Can private sector learn from public sector about innovation and change?

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Innovation has become the new "buzz word" and desired state for organisations in both the private and the public sector. The term "innovation" has been used and, sometimes, overused by a lot of people and organisations. Common to all implicit or explicit definitions is the claim that although "invention" refers to the generation of new ideas, "innovation" is "...the process of translating an idea or invention into a good or service that creates value (however defined) or for which customers will pay". OECD states that "...the capability to innovate and to bring innovation successfully to market will be a crucial determinant of the global competitiveness of organisations and nations over the coming decades...".

However, innovation in the public sector is less about new products and more about improving efficiency and quality of outcomes. Innovation can therefore not only be linked to technological innovation leading to "Product Innovation", but it can involve internal organisational processes and structures leading for example to new approaches to client services - "Client service innovation" - or new approaches to reaching clients - "Marketing Innovation" - or new methods for transforming information - "Information Innovation" - and so on.

The Publin report D20 introduces the concept of innovation in the public sector as a "...deliberate change (in behaviour) with a specific objective in mind Innovation and change share a common DNA and in the public sector innovation and change are linked to improvements and novelty in systems, processes and products that add value to the public by allowing them to be more efficient and effective. In other words, innovation in public sector organisations involves the successful implementation of change.

So what can the private sector learn from the experiences of the public sector...

...about the challenge of changing organisational structures, processes and behaviours?

Innovation examples in the public sector include: the use of new technology; the drive towards public-centric processes with the view to deliver simpler services and greater convenience; or the empowerment of staff and the public to better engage and participate in the design and implementation of new policies / services. To enable all these innovations to be successfully delivered in the public sector organisations we need effective change management methodologies and approaches.

Many of the barriers to innovation are common to both the private and public sectors; resistance to change, risk adverse cultures; centralised structures, internal politics, etc.

Some of the lessons learnt from the public sector innovations are:

  1. Promote collaboration and collaborative working cultures within and across divisions and departments by identifying clear accountabilities and mapping (sometimes even creating) the cross-organisational interdependencies that need to work in order for the desired outcomes to be achieved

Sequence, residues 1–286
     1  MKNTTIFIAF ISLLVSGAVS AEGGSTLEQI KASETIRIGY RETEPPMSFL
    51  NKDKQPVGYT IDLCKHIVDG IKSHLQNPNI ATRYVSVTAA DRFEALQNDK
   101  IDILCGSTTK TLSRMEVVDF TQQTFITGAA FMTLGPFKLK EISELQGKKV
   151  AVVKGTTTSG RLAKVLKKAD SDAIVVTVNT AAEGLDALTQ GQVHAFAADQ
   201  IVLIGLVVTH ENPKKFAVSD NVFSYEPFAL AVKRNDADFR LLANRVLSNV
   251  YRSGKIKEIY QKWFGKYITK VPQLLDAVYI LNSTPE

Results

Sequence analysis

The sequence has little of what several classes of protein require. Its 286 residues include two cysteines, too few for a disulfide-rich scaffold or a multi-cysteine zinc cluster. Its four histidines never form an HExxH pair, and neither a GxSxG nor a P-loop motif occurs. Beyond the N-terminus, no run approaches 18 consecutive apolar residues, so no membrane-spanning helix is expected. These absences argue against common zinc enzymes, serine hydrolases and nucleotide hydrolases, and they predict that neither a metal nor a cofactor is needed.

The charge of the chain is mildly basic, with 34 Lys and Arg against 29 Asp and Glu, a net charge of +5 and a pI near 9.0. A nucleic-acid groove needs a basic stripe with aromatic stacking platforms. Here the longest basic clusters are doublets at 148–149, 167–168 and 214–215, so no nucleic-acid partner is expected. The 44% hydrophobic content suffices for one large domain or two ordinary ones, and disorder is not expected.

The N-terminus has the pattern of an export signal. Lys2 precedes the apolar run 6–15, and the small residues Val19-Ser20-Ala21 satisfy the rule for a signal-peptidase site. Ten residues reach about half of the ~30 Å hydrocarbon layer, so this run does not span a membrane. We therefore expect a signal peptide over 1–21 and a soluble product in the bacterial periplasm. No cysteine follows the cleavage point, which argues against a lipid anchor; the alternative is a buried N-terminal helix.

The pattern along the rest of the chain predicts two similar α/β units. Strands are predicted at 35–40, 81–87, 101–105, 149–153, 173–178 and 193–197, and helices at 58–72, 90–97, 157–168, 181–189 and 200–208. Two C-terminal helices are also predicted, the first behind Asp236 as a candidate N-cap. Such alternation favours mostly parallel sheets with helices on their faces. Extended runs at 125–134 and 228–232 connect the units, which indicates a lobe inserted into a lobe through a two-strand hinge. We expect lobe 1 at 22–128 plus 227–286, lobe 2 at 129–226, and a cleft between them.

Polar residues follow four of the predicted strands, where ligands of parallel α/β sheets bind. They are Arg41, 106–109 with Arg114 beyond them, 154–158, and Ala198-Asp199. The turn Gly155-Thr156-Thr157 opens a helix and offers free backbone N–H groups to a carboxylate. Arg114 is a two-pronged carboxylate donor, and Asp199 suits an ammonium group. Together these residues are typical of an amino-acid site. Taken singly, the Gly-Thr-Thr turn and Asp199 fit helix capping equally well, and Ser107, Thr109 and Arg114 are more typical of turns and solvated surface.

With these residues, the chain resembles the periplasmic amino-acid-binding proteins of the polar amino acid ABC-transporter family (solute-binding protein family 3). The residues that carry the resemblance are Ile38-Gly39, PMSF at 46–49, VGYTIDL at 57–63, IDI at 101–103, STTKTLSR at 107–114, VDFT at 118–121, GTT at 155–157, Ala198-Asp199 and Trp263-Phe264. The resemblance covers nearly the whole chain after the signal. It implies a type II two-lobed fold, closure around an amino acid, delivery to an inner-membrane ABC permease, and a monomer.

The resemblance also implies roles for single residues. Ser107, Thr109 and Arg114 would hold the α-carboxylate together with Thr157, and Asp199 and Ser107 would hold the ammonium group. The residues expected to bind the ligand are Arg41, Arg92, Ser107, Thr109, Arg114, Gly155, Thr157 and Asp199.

2. Beware that 'fear of failure' stifles innovation and change in organisations: in fact successful change organisations tolerate failure as part of learning, and growing change capability
  3. Articulate an all-encompassing vision of what the change initiative will accomplish and align all stakeholders behind the vision
  4. Capture all the expected benefits and the changes in the organisation that will realise the benefits and then establish the right metrics to monitor and track benefit realisation following the end of the change initiative
  5. Smart individual and group incentives are needed to instil the desired culture. The most successful of these are about recognition of efforts and achievements, rather than financial reward.
  6. Finally, be careful what you measure and what you reward, as this it will strongly influence behaviours, sometimes in unintended ways.

CITI, over the last 25 years, has developed and practiced robust and effective change methodologies and tools that enable change initiatives to be delivered successfully.

One of these models is the Change Diamond that assists organisations to view change through its different and inter-related viewpoints generating robust projects, programmes, and portfolios designed to bring the expected benefits into reality.

The Change Diamond takes a holistic view of the change journeys that organisations initiate; it is relevant not only for changes that involve organisational systems, processes and structures (the "hard" aspect of change), but also the changes that are needed in behaviours and organisation culture (the "soft" aspects of change) to enable change to be successfully embedded and realised.

CITI has supported many clients, from public and private sector markets, to achieve maximum value from their change initiatives and investment designed to bring innovations into the market place or introduce major technological change to enhance value to customers. It has done so by developing their programme, project, and change management communities.

If you would like to learn more about how CITI Limited could help you as partners to plan, deliver and sustain beneficial change, then please feel free to contact Richard Bateman on 01908 283600, email RBateman@citi.co.uk.

Bakr Zade

Bakr Zade

I enjoy working with teams in organisations to achieve 'Integrated Business Excellence', through seizing opportunities that design thinking, social intelligence and digital disruption bring to organisations and their stakeholders
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